Surviving woodland today may be less diverse than in prehistory, when pollen analysis shows variety even within some regions. Small areas of woodland in largely treeless landscapes can be missing in some pollen records but detected in others, suggesting that closer investigation is needed in many of these areas (Bunting and Farrell 2018). More waterlogged plant remains evidence is needed to go alongside pollen to investigate the biodiversity.

More attention should be directed to whether one tree species dominated primary woodlands or whether mixing was the norm, and if this changed over time; see for example, work at Glen Affric (Tipping 2003; Davies and Tipping 2004; Davies et al 2004; Tipping et al 2006), Migdale, Sutherland (Davies et al 2017) and the Garbh Allt catchment area near Golspie (Tipping and McCullagh 2003; Tipping et al 2008a; 2008b). The Highlands have good potential to explore issues of the species diversity using pollen and macrofossil evidence.

Tipping (1994) has shown that there are general differences in areas in the Highlands. Central Sutherland and Caithness were colonised by pine, with different periods of decline and sometimes regeneration in different areas (Davies et al 2017). South of the Great Glen there was also pine, but the records show different patterns of clearance and recolonization (Wilson et al 2011). To the west pine was not dominant, replaced by oak in places (Green and Edwards 2009). On Skye, birch and hazel were the main species, but more studies are needed to show if this is too generalised (Tipping 1994). There are other areas which need more work and studies involving radiocarbon dating, including Easter Ross, along the Great Glen and Nairnshire. Even within these generalisations, however, studies have shown survival of woodland in microclimates (Davies et al 2017). Recent work investigating native woodland cover in certain areas of the Highlands is being used to inform replanting schemes (eg Davies 2011; Sybenga 2020; work in progress by Rob Wilson at St Andrews University), a good example showing how commercial concerns can be allied to archaeological research.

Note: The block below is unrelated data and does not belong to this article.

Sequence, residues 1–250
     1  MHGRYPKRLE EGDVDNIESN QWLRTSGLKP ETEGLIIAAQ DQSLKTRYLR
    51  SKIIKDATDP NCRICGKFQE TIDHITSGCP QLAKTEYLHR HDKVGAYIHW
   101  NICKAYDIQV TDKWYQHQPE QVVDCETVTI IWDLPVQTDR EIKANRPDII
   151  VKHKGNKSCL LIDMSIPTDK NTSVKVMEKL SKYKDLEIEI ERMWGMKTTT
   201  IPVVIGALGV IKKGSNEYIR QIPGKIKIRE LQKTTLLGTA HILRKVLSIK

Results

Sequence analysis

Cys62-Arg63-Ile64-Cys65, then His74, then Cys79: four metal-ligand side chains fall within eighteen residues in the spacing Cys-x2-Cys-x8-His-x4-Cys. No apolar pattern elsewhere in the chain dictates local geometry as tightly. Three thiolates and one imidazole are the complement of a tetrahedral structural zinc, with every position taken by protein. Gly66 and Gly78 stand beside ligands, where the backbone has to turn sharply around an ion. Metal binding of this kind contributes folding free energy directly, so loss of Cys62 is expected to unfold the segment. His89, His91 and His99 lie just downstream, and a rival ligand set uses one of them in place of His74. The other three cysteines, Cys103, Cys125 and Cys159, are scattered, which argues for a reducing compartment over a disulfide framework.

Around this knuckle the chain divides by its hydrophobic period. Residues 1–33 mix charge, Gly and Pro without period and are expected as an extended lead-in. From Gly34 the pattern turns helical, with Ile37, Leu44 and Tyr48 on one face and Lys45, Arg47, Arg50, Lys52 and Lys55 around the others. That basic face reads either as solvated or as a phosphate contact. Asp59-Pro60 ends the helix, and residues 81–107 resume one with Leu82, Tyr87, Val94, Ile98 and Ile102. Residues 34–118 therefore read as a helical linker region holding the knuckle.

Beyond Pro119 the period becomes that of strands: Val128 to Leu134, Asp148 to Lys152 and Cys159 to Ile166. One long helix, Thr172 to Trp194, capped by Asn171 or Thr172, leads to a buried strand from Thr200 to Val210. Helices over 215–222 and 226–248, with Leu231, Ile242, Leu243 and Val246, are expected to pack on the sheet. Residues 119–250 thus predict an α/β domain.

Much of the work in the Highlands relates to woodland growing on peat, and further work is needed to see if there are differences for those growing on mineral soils, as was tackled in work at Glen Affric (Davies et al 2004; Tipping et al 2006) and the Garbh Allt catchment area near Golspie, Sutherland (Tipping and McCullagh 2003; Tipping et al 2008a; 2008b).

In the Highlands, there has also been attention directed towards the spread and demise of Scots pine (eg Birks 1972; 1975; 1993; Blackford et al 1992; Charman 1994; Tipping et al 2007b; 2008a: 2008b; Timpany 2008; Wilson et al 2011; Davies et al 2017). Early evidence for colonisation in the region survives around Loch Maree in Wester Ross around 6500 BC. The source of the seeds is not clear, but was perhaps Ireland. Without oak or elm to compete against, pine dominated throughout much of the Highlands. However, the picture is complicated, as genetic difference between pines in different areas have been identified (Birks 1972; Tipping 2003a, 20-22). Pine then has a complex history in the northern Highlands.